In the 1950s, an adolescent Werner Herzog was transfixed by a film performance of the young Klaus Kinski. Years later, they would share an apartment where, in an unabated, forty-eight-hour ... See full summary »
An alien narrates the story of his dying planet, his and his people's visits to Earth and Earth's man-made demise, while human astronauts attempt to find an alternate planet for surviving humans to live on.
About the daring adventure of exploring rain forest canopy with a novel flying device-the Jungle Airship. Airship engineer Dr. Graham Dorrington embarks on a trip to the giant Kaieteur ... See full summary »
I watched this series on Netflix which showed 4 episodes. Every episode featured on Netflix was complex, thought provoking, and well done. I later learned there were 3 more episodes which I watched on youtube.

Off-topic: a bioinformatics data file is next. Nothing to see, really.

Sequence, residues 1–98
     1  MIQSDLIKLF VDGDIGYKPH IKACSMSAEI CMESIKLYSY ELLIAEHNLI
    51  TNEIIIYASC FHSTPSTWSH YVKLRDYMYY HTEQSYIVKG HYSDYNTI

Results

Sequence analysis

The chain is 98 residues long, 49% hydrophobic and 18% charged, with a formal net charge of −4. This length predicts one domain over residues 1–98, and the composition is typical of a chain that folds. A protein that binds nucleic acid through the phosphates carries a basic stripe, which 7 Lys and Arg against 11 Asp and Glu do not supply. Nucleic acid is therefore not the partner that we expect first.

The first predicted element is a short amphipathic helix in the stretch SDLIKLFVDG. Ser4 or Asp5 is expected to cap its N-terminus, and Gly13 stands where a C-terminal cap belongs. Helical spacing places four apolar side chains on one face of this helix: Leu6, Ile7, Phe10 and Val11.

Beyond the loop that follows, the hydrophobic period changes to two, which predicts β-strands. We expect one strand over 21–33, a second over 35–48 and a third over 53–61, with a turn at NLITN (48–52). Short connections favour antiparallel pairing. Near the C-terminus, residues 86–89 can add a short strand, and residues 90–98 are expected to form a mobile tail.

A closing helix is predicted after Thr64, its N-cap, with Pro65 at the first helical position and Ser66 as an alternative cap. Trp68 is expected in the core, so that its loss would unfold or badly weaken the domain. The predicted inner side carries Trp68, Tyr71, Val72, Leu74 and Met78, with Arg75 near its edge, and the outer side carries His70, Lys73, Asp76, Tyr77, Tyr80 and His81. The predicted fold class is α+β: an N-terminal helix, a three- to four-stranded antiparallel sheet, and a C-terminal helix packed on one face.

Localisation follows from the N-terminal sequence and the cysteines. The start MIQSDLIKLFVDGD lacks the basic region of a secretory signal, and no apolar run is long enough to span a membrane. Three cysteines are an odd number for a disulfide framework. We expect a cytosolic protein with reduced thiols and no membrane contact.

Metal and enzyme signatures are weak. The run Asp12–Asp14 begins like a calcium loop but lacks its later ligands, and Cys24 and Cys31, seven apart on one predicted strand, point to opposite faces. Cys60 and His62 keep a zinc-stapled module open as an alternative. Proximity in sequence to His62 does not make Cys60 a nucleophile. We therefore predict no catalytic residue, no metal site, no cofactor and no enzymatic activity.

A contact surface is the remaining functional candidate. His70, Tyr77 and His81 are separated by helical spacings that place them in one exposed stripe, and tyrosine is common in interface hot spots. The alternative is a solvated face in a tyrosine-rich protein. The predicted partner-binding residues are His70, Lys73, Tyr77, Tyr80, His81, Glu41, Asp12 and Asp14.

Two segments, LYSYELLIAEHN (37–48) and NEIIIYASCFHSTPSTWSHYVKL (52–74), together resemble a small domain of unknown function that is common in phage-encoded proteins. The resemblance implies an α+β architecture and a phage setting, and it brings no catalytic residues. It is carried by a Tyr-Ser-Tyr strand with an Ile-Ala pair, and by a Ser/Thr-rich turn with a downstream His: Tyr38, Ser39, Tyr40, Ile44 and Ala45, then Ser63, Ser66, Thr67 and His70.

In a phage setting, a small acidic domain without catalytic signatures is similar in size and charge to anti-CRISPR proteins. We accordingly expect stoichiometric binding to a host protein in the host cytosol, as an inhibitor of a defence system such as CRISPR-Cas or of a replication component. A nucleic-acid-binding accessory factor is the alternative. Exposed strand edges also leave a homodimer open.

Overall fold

It is an interesting series that is not easy to watch. Herzog shows the viewer that these monsters who have committed horrific crimes are still human beings. Some actually show some insight into their choices and how it resulted in their current fate. Most do not, and this can be frustrating. Several proclaim their innocence.
The great strengths of this series are (1) Herzog's ability to let each interviewee to speak without being guided or biased, (2) the balanced presentation of crime, victim and inmate and (3) an unsympathetic view of execution.
I will admit I am conflicted regarding capital punishment. I believe many of these vicious animals deserve to die. But I acknowledge it is a flawed system that is racially and financially biased.
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